No Man's Sky is out, and the reviews have been - well, appropriate, for the most part. This was a hugely hyped, hugely ambitious game that just fell short. It gets more annoying when you realize just how close to the mark it was and how just a bit more polish could have made the game just flat-out better.
So with that in mind, here are some of the ways I felt the game fell short:
Hugely Repetitive Planets
The entire selling point to No Man's Sky was the huge number of procedurally generated planets you can visit. And you can visit a huge number of procedurally generated planets.
They're all very samey. They all contain the same pre-generated points of interest. They all contain the same generic "rolling hills" geography, with a few caves and canyons hidden in the hills. They all contain the same generic sets of resources. Sure, some resources are only located on certain rarer planets - but since you can't scan for resources, this mechanic is just obnoxious, and really doesn't change the fact that it ends up being "the same thing, but a different color" every single time.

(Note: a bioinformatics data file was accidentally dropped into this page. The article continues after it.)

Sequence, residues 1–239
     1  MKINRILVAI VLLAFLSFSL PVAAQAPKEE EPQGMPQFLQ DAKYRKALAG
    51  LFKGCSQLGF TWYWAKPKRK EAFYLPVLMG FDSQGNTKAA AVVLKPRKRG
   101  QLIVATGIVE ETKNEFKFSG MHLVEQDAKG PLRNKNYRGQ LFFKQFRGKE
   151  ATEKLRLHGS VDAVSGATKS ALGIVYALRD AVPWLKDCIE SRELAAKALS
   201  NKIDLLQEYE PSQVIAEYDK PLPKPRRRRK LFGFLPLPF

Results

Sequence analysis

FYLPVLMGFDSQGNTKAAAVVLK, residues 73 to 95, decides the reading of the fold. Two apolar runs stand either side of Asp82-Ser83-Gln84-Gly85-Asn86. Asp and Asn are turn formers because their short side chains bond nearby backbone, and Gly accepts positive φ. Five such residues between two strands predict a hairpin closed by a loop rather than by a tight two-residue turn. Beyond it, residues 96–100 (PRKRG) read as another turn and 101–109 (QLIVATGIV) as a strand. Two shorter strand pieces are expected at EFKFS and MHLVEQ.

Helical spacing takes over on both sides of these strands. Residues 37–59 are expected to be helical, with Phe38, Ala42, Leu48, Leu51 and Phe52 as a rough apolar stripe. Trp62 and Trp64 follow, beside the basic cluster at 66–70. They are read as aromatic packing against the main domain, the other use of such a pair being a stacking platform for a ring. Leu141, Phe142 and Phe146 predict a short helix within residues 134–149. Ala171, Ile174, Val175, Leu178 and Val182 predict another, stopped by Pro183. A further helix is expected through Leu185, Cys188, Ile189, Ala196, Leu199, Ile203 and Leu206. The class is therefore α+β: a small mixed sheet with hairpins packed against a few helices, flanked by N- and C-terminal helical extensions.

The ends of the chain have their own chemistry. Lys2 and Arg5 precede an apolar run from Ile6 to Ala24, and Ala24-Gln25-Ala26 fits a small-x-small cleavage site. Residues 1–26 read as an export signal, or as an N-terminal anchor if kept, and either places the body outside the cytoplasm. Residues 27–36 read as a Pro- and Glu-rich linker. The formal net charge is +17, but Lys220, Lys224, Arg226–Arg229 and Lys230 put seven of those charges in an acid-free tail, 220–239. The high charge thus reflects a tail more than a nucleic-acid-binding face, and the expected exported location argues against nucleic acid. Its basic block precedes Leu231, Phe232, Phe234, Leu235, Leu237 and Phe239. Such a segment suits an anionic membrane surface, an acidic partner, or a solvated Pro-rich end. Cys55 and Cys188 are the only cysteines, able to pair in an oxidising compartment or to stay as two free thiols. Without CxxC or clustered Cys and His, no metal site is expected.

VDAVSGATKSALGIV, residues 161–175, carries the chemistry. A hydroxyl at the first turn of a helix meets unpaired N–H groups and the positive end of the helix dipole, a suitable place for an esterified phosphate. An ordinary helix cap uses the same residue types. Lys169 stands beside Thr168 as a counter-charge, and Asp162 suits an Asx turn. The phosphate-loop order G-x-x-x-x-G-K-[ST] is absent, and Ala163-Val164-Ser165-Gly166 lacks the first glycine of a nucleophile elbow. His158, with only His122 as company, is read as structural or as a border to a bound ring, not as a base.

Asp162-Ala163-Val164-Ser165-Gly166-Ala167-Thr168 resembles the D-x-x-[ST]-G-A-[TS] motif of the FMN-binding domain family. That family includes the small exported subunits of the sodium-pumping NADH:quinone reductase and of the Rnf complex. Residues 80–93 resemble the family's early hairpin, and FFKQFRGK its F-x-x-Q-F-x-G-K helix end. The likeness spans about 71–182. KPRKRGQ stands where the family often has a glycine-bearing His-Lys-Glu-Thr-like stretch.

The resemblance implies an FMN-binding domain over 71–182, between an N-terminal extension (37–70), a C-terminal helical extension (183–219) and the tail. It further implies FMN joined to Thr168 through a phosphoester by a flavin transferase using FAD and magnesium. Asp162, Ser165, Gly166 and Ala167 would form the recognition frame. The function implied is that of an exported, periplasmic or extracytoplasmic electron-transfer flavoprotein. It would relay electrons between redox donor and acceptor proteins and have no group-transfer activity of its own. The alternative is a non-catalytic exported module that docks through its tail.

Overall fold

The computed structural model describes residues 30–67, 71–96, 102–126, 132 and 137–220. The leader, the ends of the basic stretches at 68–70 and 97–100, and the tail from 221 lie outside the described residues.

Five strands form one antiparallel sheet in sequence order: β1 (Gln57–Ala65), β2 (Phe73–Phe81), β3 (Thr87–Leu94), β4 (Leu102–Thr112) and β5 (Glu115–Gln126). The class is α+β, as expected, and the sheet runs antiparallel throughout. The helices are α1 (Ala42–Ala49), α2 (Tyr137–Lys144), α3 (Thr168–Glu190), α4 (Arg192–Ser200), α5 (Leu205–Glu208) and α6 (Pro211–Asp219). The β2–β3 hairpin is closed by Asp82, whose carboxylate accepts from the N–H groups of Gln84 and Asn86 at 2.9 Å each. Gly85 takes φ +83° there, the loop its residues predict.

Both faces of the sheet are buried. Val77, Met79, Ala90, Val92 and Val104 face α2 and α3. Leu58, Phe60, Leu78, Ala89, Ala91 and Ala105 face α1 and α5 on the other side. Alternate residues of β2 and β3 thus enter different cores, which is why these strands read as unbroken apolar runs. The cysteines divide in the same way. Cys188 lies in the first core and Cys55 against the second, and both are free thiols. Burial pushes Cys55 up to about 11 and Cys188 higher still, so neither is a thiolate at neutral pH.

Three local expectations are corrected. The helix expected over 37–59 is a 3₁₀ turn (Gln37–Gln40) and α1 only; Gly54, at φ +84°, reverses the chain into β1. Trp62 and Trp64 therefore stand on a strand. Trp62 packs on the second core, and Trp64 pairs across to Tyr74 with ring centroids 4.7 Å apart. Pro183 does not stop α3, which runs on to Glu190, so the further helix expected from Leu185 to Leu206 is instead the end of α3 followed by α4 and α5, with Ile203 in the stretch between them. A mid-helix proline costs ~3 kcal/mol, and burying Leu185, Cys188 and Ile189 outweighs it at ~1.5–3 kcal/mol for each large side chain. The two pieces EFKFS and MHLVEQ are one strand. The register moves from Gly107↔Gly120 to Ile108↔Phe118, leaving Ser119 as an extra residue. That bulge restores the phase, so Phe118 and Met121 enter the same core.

The Annoying Survival Elements
"Life support system low." Be prepared to hear that a lot. And it's lying: you get a warning at 75%, then 50%, then 25%. There's no need for the 75% warning and recharging it is trivial: you'll never be at want for "energy" resources. It's there, but it doesn't serve to limit, only to annoy.
The same applies to the "hazard meter" that appears on hazardous planets. It's there, but it's trivial to refill, making it just obnoxious rather than something you have to prepare for.
The same applies to your starship's fuel: space is literally made up of chunks of starship fuel (who knews?) so you never have to worry about finding yourself stranded in space.